Occurence in the Chicago region: non-native
Etymology: Muhlenbergia is named after American botanist, Gotthilf Henry Ernest Muhlenberg (1753-1815). Asperifolia means harsh-leaved.
Author: The Morton Arboretum
FNA 2003, Gould 1980
Common Name: scratchgrass Duration: Perennial Nativity: Native Lifeform: Graminoid General: Rhizomatous perennial grass, occasionally with stolons; stems 10-60 cm, decumbent-ascending; bases somewhat compressed keeled; internodes glabrous, shiny below the nodes. Vegetative: Blades 2-7 cm long, 1-3 mm wide, flat, occasionally conduplicate, smooth or minutely roughened below, minutely roughened above, greenish, with acute apices; ligules less than 1 mm, firm, truncate, ciliate, without lateral lobes; sheaths glabrous. Inflorescence: Open panicles 6-21 cm long, 4-16 cm wide, broadly ovoid; primary branches 3-12 cm, capillary; lower branches spreading 30-90 degrees from the rachises; pedicels 3-14 mm, longer than spikelets; spikelets 1-2 mm, occasionally with 2-3 florets; glumes equal, 0.5-2 mm, purplish, minutely roughened on veins, with acute apices; lemmas 1-2 mm, lanceolate to oblong-elliptic, lead-colored, glabrous, the apices acute, unawned or mucronate, mucros to 0.3 mm. Ecology: Found in moist, often alkaline meadows, along sandy washes, on rocky to sandy slopes, and around seeps and hot springs from 4,000-6,500 ft (1219-1981 m); flowers June-September. Distribution: Native to much of N. Amer. except for the southeast; south to c MEX and in S. Amer.. Notes: Muhlenbergia is a large and diverse genus primarily distinguished by having single-flowered spikelets with unequal glumes. M. asperifolia is distinct in being a rhizomotous perennial bunchgrass with open, sparsely-flowered, wispy panicles, and lemmas without awns. Similar to M. arenacea but much coarser, often with longer stems, broader and firmer blades (greater than 1 mm wide) without white margins and midveins, and ligules without lateral auriculate projections. The source of the common name "scratchgrass" becomes evident if you run your hand along the edge of the blades. The seeds of this species are frequently infected by a smut, Tilletia asperifolia, which produces a globose body filled with blackish-brown spores. Ethnobotany: Unknown Etymology: Muhlenbergia is named for Gotthilf Heinrich Ernst Muhlenberg (1753-1815) a clergyman and botanist from Pennsylvania; asperifolia means rough leaved. Synonyms: Sporobolus asperifolius Editor: SBuckley 2010, FSCoburn 2015, AHazelton 2015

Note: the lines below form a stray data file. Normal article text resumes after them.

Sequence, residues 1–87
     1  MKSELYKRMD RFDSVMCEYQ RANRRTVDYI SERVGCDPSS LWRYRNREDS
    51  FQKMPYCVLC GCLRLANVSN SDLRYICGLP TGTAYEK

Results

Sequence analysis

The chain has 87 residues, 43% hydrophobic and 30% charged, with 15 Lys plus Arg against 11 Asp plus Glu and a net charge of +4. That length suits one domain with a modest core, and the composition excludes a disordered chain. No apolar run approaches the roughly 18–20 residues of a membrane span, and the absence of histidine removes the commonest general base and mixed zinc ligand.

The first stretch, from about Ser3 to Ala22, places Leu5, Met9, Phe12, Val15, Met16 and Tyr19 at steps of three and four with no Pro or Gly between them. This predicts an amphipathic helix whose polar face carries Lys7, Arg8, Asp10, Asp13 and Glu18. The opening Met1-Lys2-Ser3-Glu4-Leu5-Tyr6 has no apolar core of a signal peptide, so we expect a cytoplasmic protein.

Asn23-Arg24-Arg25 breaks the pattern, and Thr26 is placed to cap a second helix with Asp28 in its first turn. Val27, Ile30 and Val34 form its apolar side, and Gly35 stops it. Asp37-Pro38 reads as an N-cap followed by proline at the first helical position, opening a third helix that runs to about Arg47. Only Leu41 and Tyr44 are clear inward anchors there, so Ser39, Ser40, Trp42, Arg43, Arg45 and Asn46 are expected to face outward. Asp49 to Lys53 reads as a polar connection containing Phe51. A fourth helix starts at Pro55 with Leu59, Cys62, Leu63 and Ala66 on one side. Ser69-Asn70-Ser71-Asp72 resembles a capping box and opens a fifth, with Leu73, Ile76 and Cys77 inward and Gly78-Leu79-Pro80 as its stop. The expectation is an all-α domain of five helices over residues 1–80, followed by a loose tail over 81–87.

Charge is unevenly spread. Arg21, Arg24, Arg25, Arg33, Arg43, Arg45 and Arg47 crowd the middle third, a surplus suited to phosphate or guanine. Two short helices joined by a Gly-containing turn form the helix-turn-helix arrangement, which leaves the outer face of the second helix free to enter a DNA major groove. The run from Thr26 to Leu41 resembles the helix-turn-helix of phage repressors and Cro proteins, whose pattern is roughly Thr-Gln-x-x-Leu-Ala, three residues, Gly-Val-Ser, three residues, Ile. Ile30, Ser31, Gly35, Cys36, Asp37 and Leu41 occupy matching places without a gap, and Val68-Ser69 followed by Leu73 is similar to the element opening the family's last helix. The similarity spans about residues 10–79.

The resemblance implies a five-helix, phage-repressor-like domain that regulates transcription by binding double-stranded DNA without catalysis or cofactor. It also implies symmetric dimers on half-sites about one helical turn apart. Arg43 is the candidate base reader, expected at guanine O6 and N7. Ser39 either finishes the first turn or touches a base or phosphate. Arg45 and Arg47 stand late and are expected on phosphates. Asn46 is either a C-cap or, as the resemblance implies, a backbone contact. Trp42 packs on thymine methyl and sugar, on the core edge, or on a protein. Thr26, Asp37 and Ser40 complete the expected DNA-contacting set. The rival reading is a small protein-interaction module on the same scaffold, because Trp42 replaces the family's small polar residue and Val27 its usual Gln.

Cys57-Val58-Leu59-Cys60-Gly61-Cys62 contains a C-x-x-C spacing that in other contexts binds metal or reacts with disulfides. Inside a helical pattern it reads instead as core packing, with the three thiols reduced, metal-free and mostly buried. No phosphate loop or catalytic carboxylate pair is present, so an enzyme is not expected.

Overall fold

Rhizomatous; culms tufted, glaucous, 1-5 dm, spreading or decumbent at base, rarely erect; sheaths glabrous, usually overlapping and keeled; ligule truncate, erose, 0.2-1 mm; main blades 3-7 cm נ1-2.5 mm, abruptly expanded above the collar, scabrous, especially on the cartilaginous margin; base of the panicle at first enclosed in the sheath, later exserted and the branches widely spreading, the infl open, diffuse, about as thick as long; spikelets often purple or blackish, sometimes 2-fld; glumes acute, subequal, 1-1.4 mm; lemma obtuse or subacute, 1.2-1.7 mm, awnless; 2n=20. Moist soil and streambanks, often in alkaline situations, sometimes a lawn-weed; widespread in w. U.S., e. to Minn., Io., and Mo., and intr. as far as Mich., O., s. Ont., and e. N.Y.; s. S. Amer. (Sporobolus a.)
Gleason, Henry A. & Cronquist, Arthur J. 1991. Manual of vascular plants of northeastern United States and adjacent Canada. lxxv + 910 pp.
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Indiana Coefficient of Conservatism: C =
Wetland Indicator Status:
Citation: The vPlants Project. vPlants: A Virtual Herbarium of the Chicago Region. http://www.vplants.org